April 29, 2019 dmh
The OECD’s annual report on jobs and employment in OECD countries – http://www.oecd.org/employment/outlook/.
Each edition reviews recent trends, policy developments, and prospects.  They have produced some terrific infographics on the ‘Future of Work’, as well as short informative videos.
Risk of job automation is real but varies greatly across countriesPopulation are ageing fast in OECD countriesMany workers do not have the right skills for the new jobsAdult training should better target the disadvantagedNon-standard work is not a marginal phenomenonSocial protection needs to be adapted to the future of work
Job Automation (OECD, 2019)

Large shares of jobs are risk of automation or significant change

Angel Gurría, OECD Secretary-General, estimates that “14% of existing jobs could disappear as a result of automation in the next 15-20 years, and another 32% are likely to change radically as individual tasks are automated. Many people and communities have been left behind by globalisation and a digital divide persists in access to new technologies – resulting in inequalities along age, gender, and socio-economic lines. Not everyone has been able to benefit from the better jobs that have emerged, and many are stuck in precarious working arrangements with little pay and limited or no access to social protection, lifelong learning and collective bargaining.” (Foreword)

The OECD Risks That Matter (OECD, 2019) survey polled a representative sample of 22 000 adults in 21 OECD countries in 2018 – Risks-That-Matter-2018-Main-Findings It examines people’s perceptions of the social and economic risks they face and assesses how well people feel government reacts to their concerns.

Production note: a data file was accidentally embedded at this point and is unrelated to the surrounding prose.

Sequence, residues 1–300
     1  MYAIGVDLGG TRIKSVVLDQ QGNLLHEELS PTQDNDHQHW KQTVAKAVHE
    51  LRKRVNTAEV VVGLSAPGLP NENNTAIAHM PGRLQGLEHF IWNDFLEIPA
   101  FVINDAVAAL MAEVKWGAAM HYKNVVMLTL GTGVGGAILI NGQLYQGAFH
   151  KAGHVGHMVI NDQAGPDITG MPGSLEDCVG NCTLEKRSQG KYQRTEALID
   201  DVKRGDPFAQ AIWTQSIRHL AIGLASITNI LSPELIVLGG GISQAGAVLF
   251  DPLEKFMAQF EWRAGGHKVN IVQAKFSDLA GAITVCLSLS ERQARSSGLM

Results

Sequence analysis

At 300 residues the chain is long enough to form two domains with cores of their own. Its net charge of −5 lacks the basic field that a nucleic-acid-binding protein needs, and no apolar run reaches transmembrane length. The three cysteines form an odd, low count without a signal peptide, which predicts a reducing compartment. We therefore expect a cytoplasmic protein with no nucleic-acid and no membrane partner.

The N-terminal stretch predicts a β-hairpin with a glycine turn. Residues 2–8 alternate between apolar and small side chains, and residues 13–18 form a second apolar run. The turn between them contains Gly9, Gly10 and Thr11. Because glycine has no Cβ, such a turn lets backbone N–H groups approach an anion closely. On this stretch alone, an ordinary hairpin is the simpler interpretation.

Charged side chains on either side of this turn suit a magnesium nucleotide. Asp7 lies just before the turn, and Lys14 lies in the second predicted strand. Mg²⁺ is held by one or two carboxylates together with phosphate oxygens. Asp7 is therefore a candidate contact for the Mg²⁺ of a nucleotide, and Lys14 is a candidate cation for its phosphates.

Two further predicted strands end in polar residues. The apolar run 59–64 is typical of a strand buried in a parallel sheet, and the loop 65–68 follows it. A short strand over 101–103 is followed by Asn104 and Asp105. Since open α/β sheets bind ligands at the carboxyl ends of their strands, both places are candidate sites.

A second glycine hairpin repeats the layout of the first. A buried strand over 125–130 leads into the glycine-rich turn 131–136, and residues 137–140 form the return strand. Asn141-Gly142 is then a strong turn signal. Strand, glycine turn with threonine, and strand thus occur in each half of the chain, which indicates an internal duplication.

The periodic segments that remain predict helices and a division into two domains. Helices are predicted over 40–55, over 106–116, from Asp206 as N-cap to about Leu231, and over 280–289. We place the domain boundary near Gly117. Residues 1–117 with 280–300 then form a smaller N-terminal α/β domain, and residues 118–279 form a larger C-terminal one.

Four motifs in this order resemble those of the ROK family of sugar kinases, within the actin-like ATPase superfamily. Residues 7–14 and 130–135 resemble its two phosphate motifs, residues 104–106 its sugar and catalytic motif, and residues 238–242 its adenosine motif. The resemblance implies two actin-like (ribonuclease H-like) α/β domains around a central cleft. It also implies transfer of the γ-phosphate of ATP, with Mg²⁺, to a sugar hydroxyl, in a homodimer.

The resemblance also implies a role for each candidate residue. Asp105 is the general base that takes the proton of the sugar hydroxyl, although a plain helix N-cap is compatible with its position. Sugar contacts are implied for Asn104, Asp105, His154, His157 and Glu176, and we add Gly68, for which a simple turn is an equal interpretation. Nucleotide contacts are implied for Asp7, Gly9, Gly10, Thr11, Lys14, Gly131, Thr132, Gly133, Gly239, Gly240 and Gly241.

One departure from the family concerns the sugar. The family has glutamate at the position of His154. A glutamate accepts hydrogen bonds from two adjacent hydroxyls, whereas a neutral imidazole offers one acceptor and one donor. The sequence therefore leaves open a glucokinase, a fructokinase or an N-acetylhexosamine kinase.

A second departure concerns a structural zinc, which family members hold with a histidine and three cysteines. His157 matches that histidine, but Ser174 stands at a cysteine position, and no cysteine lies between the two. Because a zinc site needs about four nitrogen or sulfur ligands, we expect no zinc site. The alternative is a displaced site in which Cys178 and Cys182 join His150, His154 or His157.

Stefano Scarpetta Director of Employment, Labour and Social Affairs, OECD states: “Overall, people are calling for more help from government . In all but two countries, Denmark and France, more than half of respondents say they want government to do more for their economic and social security . This is especially the case for older respondents and those with low incomes . But, perhaps surprisingly, about two-thirds of those with high incomes also want more public support . For many, health care and pensions are the priorities . On average, about half of respondents choose better health care or improved pensions as one of their top three priorities, and almost 40% would be willing to pay an extra 2% of their income in taxes in return . But there are differences across groups . Young people are most likely to prioritise better housing supports, for instance, and parents more likely than others to favour better education services . Those in less prosperous countries often just want more help finding a job”(Editorial).



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